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Sending personally identifiable information (PII) to Google Analytics is one of the things you should really avoid doing. For one, it’s against the terms of service of the platform, but also you will most likely be in violation of national, federal, or EU legislation drafted to protect the privacy of individuals online. In this #GTMTips post, I’ll show you a way to make sure that any tags you configure this solution with will not contain strings that might be construed as PII.

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The steady increase in mobile use over the last years has introduced some new challenges for web analytics. It’s not just about mismatches in the tracking model (the concept of sessions is even more absurd for apps than it is for desktop browsing), but about something more fundamental, more basic. Think about it: if a visitor visits the website using a mobile device, there’s a significant chance of them losing internet connectivity and going unintentionally offline.

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More often than not, much of what we do in web analytics can be automated. This applies especially to implementations, audits, configurations, and reporting. So when I’m faced with a menial, manual task that might take hours for me to complete if done by hand, I always look at what could be done with some scripting and API work. I want to introduce a couple of Google Sheets add-ons I’ve written and released to the public.

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Facebook’s pixel has an attribute named content_ids (required for Dynamic Ads), which requires an Array of content IDs as its value. It’s very possible you’re running this pixel on a site which already has Enhanced Ecommerce for Universal Analytics implemented, and now you want to use the same Enhanced Ecommerce data that your developers have already made available in this Facebook pixel. Or perhaps you want to concatenate a list of strings, such as article tags (['culture', 'politics']), and send it as a comma-separated string to Google Analytics ('culture,politics').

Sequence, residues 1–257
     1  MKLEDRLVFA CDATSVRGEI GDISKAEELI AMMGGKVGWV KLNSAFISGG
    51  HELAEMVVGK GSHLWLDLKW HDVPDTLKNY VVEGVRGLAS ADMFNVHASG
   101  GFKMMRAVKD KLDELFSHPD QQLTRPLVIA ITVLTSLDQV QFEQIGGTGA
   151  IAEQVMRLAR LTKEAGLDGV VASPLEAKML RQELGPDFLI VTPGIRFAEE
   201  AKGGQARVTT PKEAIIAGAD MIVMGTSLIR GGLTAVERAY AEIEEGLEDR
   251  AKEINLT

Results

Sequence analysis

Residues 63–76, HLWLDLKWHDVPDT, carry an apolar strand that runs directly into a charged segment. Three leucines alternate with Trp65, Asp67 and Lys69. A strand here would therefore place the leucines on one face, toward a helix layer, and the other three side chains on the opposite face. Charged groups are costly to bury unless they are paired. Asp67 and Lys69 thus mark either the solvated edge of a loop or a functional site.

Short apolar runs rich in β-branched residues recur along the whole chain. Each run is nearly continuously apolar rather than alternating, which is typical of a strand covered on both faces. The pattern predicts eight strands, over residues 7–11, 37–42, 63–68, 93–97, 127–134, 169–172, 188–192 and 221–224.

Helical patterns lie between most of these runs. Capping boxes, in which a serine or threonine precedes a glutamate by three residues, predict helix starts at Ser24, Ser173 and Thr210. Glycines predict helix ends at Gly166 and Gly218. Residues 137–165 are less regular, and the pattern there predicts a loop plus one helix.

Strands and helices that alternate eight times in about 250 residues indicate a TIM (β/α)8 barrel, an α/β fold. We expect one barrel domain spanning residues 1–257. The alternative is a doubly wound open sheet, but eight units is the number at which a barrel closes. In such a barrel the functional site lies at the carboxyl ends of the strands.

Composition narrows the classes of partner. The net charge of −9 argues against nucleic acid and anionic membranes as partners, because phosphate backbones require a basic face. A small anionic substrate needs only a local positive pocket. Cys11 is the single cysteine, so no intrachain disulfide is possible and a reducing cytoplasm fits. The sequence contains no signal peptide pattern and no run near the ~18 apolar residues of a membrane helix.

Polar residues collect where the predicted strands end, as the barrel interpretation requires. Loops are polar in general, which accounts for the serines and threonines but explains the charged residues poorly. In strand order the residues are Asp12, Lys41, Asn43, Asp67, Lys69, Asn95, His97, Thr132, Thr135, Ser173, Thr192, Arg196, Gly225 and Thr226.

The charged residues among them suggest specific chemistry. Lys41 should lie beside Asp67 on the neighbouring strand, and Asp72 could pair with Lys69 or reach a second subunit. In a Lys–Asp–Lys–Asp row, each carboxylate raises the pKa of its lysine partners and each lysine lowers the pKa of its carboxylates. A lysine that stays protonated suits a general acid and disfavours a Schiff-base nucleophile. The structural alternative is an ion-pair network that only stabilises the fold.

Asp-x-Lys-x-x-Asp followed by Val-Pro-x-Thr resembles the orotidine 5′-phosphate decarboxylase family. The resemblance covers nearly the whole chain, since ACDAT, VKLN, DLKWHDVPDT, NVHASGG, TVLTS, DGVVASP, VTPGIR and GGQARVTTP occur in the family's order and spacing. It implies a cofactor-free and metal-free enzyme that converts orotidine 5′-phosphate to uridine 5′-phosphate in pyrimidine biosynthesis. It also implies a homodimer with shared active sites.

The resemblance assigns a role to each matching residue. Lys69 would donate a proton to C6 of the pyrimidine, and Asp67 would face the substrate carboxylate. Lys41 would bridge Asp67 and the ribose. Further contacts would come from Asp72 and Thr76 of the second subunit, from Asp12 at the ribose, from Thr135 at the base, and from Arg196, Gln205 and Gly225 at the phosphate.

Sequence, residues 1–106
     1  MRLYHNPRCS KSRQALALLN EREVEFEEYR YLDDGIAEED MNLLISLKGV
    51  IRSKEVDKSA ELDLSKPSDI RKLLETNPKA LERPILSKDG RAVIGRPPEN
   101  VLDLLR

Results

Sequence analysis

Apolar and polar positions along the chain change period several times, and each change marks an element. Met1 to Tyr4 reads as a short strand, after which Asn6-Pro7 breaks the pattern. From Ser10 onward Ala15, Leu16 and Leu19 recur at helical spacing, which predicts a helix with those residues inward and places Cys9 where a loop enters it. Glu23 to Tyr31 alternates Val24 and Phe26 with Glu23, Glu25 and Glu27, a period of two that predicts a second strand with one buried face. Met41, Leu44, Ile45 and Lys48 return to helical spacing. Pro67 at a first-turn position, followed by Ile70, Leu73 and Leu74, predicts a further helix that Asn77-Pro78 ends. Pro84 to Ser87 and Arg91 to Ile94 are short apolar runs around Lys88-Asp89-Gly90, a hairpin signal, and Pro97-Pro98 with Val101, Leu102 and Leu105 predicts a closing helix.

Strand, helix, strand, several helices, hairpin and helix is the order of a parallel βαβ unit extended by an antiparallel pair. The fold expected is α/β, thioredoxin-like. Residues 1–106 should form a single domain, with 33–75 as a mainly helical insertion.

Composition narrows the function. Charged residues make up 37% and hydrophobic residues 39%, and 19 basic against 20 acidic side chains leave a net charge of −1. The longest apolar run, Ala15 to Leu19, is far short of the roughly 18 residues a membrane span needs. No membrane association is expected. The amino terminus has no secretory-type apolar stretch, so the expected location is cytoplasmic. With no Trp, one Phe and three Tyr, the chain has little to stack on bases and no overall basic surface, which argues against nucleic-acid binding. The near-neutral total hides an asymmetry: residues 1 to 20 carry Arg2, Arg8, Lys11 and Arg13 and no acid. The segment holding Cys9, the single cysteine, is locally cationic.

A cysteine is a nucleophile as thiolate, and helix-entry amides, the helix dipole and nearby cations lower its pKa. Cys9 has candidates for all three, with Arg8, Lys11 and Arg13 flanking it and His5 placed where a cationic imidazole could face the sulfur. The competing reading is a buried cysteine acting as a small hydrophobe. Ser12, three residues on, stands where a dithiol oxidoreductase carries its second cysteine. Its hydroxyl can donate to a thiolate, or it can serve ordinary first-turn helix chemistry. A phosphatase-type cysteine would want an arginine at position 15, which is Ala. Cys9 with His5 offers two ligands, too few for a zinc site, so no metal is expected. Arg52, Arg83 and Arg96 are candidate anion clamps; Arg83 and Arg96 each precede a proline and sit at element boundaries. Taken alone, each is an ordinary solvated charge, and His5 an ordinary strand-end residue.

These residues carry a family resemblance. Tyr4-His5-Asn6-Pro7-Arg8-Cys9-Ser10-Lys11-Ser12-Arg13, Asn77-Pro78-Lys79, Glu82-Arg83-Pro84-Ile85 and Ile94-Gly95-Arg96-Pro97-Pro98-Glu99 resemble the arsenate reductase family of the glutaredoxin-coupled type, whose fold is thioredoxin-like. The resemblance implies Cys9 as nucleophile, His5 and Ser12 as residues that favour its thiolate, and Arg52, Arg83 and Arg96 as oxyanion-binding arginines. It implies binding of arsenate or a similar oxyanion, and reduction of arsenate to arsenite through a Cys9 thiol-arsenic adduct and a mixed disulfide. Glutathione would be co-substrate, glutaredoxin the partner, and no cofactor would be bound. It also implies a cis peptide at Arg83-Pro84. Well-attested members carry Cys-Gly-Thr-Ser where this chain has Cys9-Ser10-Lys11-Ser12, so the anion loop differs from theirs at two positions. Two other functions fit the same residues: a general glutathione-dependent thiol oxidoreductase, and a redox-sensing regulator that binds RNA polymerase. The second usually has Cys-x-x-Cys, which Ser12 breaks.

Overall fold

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I’ve always been proud to avoid the typical headline clickbait of “Ultimate guide to pigeon care”, “All you need to know about the Great Vowel Shift”, “Did you know that you’ve been smoking peyote wrong your whole life?”. I’m ready to make an exception now by adding a BIG WHOPPING NUMBER to the title. You see, the amount of knowledge one can accumulate about anything they do on a daily basis is mind-blowing.

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A couple of years ago I wrote an article on tracking interactions with the SoundCloud widget via Google Tag Manager. When a platform provides a JavaScript embed API, it’s surprisingly easy to track interactions with the player. You’ve seen this with YouTube, with SoundCloud, with JWPlayer, and now you’ll see how to do this with the Mixcloud player. If you don’t know what Mixcloud is, well it’s a hugely popular streaming service for DJs, podcasts, radio shows, and other published radio media.

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One of the biggest fears I have as a Google Tag Manager user is a broken release of the website (or app) on which I have deployed GTM. Far too often, lack of proper communication practices within an organization lead to a release being pushed out without thoroughly testing how this release impacts any existing tracking solutions. Luckily there are ways to mitigate this. The most significant and impactful precautions you can take are all about process:

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Simo Ahava

Husband | Father | Analytics developer
simo (at) simoahava.com

Senior Data Advocate at Reaktor

Finland